What does the following quote reveal about Winston's emotional needs? "Having caught O'Brien's eye, Winston reflects that he wasn't even sure. . .whether O'Brien was friend or enemy. Nor did...

What does the following quote reveal about Winston's emotional needs?

"Having caught O'Brien's eye, Winston reflects that he wasn't even sure. . .whether O'Brien was friend or enemy. Nor did it even seem to matter greatly. There was a link of understanding between them that was more important than affection or partisanship."

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kmj23 eNotes educator| Certified Educator

This quote from Part One, Chapter Two reveals a couple of important things about Winston's emotional needs. First of all, it shows that Winston needs to feel a connection with another person. It does not matter that Winston and O'Brien barely know each other; Winston is so starved of human affection and genuine interaction that he is prepared to believe that O'Brien is connected to him.

Secondly, Winston needs to feel like he is not the only rebel in Oceania. Remember that O'Brien has not expressed any anti-Party sentiment to Winston but, as this quote shows, Winston has convinced himself that O'Brien is also against Big Brother. His only evidence for this is a "flash of the eyes."

Above all, this quote demonstrates that Winston needs to feel a part of something that is not related to Big Brother or the Party. He wants to break free from the Party's oppressive rule and is prepared to ally with anybody to do that.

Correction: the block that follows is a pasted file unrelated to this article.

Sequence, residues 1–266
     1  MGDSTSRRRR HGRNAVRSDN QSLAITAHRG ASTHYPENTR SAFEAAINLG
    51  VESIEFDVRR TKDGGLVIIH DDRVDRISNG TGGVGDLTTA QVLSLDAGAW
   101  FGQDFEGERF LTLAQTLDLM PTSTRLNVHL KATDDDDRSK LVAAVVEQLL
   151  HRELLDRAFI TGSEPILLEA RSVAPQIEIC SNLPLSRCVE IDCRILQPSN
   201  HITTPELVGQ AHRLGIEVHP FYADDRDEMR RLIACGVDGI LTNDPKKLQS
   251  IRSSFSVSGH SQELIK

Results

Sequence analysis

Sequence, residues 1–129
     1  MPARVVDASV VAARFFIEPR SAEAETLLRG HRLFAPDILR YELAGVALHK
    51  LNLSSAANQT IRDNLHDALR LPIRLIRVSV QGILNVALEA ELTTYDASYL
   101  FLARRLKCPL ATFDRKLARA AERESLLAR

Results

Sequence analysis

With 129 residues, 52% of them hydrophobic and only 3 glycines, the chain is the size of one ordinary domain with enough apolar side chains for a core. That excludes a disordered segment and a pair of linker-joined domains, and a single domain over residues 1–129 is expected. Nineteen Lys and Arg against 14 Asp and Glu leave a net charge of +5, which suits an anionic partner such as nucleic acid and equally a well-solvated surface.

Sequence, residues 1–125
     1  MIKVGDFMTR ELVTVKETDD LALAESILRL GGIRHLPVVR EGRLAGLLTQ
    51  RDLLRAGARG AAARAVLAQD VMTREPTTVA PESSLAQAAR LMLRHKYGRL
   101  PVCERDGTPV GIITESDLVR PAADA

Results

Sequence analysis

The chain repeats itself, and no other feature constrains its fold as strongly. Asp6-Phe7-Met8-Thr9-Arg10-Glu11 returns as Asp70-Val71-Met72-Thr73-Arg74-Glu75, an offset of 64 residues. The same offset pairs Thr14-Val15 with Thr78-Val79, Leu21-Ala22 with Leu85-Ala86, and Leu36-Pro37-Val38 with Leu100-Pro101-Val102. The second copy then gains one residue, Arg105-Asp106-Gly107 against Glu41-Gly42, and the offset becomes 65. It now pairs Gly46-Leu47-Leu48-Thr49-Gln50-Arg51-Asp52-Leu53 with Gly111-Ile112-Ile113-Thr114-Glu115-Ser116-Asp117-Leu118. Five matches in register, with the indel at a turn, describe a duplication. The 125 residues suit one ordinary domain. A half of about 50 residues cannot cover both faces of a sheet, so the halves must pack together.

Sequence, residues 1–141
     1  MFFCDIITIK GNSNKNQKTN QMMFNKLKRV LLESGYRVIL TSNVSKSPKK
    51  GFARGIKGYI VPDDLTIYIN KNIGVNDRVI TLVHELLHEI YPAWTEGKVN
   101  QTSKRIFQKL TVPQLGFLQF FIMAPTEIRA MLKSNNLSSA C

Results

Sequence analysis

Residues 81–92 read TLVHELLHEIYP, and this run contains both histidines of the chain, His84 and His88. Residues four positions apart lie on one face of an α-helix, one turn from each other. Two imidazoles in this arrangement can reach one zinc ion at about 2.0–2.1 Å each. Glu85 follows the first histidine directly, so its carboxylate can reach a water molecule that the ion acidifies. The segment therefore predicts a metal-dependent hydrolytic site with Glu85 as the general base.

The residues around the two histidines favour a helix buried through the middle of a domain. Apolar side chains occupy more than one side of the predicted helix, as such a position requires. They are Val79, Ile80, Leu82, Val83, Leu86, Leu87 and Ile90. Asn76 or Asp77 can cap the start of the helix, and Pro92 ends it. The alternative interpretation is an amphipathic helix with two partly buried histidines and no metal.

scarletpimpernel eNotes educator| Certified Educator

In the bland, overly controlled world of Oceania, Winston simply wants to feel something. He needs to be able to have emotions, not necessarily to express them. So, when he thinks of O'Brien (even at the novel's end when O'Brien plays a more significant role in Winston's life), he likes that he feels something. He doesn't care if his feelings for O'Brien are positive or negative, at least they will prove to him that he exists, that he lives. The other characters in the novel who are not conflicted have lost their ability to care or even to want to care; Winston realizes this and also recognizes the danger of becoming like them.

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1984

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